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Managing Relationships Through the Stages of Alzheimer’s Disease

“Because Alzheimer’s disease and other forms of dementia are progressive in nature, a loved one with the disease will undergo many physical and emotional changes,” says Steve Carney, Wellness Director Administrator of Impressions Memory Care at Bryn Mawr, located in Bryn Mawr, PA.

“These changes, in turn, will cause potential issues in the person’s relationships with their spouse, other family and friends. The greatest relationship changes are usually felt by the person’s spouse who is suddenly transformed from partner to caregiver. For them, this change in relationship becomes the new normal.

“Therefore, to plan and prepare for the changing relationship occasioned by Alzheimer’s, it is important to gain an understanding of the specific characteristics of each unique stage of the disease.”

The Three Stages of Alzheimer’s that Affect Relationships

The Mayo Clinic® and the Alzheimer's Association® explain that Alzheimer's disease progresses slowly through three basic stages. These are defined as mild (early stage), moderate (middle stage), and severe (late stage).

As a result of the physical, mental and emotional changes experienced in each stage, there will also be inevitable changes in the relationships between family members, friends and the individual with Alzheimer’s.

  1. Mild Alzheimer's disease (early stage) – During the early stages of Alzheimer's, a person may still drive, work and be part of social activities. Despite this, the person may feel as if he or she is having memory lapses, such as forgetting familiar words or the location of everyday objects. Friends, family or neighbors begin to notice difficulties, and changes in relationships will begin to occur. During a detailed medical interview, doctors may be able to detect problems in memory or concentration.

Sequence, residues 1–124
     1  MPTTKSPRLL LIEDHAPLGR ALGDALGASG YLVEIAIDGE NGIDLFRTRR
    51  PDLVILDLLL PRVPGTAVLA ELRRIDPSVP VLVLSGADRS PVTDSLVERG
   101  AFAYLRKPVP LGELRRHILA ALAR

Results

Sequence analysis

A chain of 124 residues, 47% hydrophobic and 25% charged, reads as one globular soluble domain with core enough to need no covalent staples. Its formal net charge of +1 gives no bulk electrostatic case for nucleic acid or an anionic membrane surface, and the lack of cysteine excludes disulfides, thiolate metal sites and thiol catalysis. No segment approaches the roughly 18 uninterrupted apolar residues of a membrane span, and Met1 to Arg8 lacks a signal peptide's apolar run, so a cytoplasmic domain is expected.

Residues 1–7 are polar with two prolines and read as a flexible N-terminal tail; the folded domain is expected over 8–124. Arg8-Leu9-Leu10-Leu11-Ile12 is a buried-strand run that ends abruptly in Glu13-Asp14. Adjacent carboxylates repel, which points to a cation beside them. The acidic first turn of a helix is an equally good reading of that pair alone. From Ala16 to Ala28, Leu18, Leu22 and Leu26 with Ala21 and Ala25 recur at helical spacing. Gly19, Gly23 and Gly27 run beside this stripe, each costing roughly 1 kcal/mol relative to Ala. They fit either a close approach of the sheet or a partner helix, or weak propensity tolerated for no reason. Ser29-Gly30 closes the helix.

2. Moderate Alzheimer's disease (middle stage) – Typically, moderate Alzheimer's is the longest stage and can last for many years. As the disease progresses, the person with Alzheimer's will require a greater level of care. You may notice the person with Alzheimer's confusing words, getting frustrated or angry, or acting in unexpected ways, such as refusing to bathe. Damage to nerve cells in the brain can make it difficult to express thoughts and perform routine tasks. There are significant changes in relationships at this stage, as the person’s symptoms become increasingly challenging.
  3. Severe Alzheimer's disease (late stage) – In the final stage of Alzheimer’s, individuals lose their ability to respond to the surrounding environment, to carry on a conversation and, eventually, to control movement. They may still say words or phrases, but communicating feelings of pain becomes difficult. Personality changes may take place and they need increased help with daily activities and require more extensive care.

These physical changes through the stages typically result in major changes to longstanding family and spousal relationships, including role reversals that can be uncomfortable and stressful. For example, a husband who now must pay the bills and balance the checkbook or a wife who now needs to manage the maintenance and upkeep of the home and property. Sexual relations also decline as a result of Alzheimer’s progressive effects. 

Adult children can also be impacted by having to assume legal, financial and healthcare decisions for a parent with Alzheimer’s – essentially becoming the parent of their parent. 

Relationship Tips for Spouses, Family and Friends

The Alzheimer’s Association® provides a variety of useful suggestions for spouses and others in maintaining a productive relationship with the person living with Alzheimer’s for as long as possible as they move through the three stages. For example:

  • Continue participating in as many activities as you can with your spouse or loved one – Adapt activities as needed to make them comfortable and enjoyable.